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The South African Energy Business Incubator (Sarebi), based in Atlantis, is committed to growing the green economy.

Sarebi works specifically in the energy and resource efficiency fields, concentrating on technology businesses that focus on solving problems and developing solutions to problems in the energy, water and resource efficiency areas.

“Many entrepreneurs have great ideas, but few make it from concept to reality,” says Sarebi general manager, Helmut Hertzog. “Through various interventions, Sarebi supports entrepreneurs by developing business ideas into proper businesses and ultimately into competitive, sustainable enterprises.”

Over the last three years, Sarebi has supported close on 190 entrepreneurs through various interventions.

The incubator works with energy entrepreneurs in different stages of development. These may be would-be-entrepreneurs with a well-thought-through and viable business concept or even existing entrepreneurs with a viable business facing growth or sustainability challenges.

Sarebi allows entrepreneurs to enter the incubation stream at different stages and offer services appropriate for the different development stages.

“We offer a variety of support services,” says Hertzog. “It could be as simple as helping them register a business, it could be mentoring, it could be coaching, it could be supporting accounting services, it could be participating in one of our pre-incubation workshops or Masterclasses.

Sarebi currently has 48 entrepreneurs registered as active incubatees.

“Would-be entrepreneurs enter the incubation support programme in what we call our pre-incubation stage,” says Hertzog. “This stage is for people who do not have a trading business yet, they would be in an ideation or a concept phase, and once they are registered with the programme we take them through the ‘solve my problem’ product and the ‘1,2,3 trade’ modules. These are peer learning workshops that are facilitated by industry specialists, people who have run businesses and who know the technology industries. It gives would-be entrepreneurs an opportunity to brainstorm and stew with that business idea in a small format workshop where there are between 10 and 12 participants and very often they learn from each other in the process.”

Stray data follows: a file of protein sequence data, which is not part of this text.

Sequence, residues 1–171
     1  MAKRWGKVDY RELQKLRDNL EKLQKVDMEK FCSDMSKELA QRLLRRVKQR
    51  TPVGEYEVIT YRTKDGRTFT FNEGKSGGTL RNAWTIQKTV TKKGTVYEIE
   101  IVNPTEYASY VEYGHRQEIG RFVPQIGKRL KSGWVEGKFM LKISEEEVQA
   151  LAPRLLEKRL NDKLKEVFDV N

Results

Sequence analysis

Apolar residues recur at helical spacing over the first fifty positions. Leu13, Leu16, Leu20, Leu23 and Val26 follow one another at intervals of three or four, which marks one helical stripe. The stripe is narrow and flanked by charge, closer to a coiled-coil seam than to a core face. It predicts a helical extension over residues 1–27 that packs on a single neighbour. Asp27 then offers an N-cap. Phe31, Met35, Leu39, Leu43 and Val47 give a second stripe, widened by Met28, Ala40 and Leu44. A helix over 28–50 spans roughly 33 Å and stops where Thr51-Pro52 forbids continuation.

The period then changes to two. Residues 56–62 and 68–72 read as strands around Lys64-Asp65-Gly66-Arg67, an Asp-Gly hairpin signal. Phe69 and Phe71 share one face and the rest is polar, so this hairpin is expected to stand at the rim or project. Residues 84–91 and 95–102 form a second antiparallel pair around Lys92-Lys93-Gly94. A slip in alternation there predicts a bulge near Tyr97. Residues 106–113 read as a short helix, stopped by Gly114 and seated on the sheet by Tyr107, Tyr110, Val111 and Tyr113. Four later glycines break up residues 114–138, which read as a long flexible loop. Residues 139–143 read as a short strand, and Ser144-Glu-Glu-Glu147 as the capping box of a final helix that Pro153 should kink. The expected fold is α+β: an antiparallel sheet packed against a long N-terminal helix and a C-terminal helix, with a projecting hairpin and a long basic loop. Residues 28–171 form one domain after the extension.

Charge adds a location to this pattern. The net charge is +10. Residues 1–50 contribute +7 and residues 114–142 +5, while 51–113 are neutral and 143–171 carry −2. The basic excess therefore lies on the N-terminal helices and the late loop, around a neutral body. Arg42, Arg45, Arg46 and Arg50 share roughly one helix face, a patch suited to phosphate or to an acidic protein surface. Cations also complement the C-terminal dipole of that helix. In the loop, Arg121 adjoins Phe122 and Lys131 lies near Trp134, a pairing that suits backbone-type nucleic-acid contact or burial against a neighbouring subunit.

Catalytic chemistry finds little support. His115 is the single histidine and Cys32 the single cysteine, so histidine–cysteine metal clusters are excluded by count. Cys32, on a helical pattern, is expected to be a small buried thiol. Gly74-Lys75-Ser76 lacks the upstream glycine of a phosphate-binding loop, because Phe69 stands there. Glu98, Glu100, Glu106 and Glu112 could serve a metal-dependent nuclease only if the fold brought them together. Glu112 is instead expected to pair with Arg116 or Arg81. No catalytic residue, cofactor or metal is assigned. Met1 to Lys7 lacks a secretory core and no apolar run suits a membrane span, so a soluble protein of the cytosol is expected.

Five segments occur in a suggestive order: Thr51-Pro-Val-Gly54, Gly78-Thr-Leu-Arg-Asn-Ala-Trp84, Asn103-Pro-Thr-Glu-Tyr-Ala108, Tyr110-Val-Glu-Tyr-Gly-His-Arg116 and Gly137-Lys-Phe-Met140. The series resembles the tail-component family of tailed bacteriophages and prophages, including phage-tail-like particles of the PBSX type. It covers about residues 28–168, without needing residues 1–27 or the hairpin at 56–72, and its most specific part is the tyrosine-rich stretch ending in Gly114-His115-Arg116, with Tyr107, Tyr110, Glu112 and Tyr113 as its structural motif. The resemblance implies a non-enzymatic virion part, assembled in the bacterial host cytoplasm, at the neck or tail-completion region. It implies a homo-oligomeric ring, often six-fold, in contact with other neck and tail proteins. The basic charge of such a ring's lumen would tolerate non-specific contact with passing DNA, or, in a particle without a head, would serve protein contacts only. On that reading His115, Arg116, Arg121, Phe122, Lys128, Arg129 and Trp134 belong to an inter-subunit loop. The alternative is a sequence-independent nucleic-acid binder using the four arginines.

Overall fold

Once entrepreneurs graduate from pre-incubation, they can apply for the incubation phase of the programme, which is designed for entrepreneurs that are already trading.

“For this phase, you have to show that you are generating a revenue,” says Hertzog. “This incubation stage can last up to about three years, during which we provide a variety of support functions including providing an office space where entrepreneurs can operate, we can take over their entire accounting, HR and industrial relations function, we will facilitate with any industrial relations processes, payroll management, tax affairs, name changes, company registrations, etc. The purpose of this is so that entrepreneurs have the opportunity to focus on their customer and their product.”

A core part of Sarebi’s work, says Hertzog, is to link international suppliers, or multinational enterprises, with the small and medium enterprises in the city, specifically to create opportunities for smaller entrepreneurs to participate in economic activity.

Sarebi’s success in growing small- and medium-size enterprises is already evident. LEDzShine, a business that assembles LED lights for industrial and commercial applications, in 2016 installed 300 LED lights at a large food and beverage factory in Bellville, which was expected to produce R600 000 in electricity savings per year for the factory. Another business making use of the Sarebi facility, iSOLAR, successfully completed orders for 900 solar water heaters for the City of Cape Town and the Cape Winelands District Municipality.

These successful emerging enterprises are contributing to the growth of a cluster of green economy and general manufacturing activities in Atlantis, including a pipeline of new skills.

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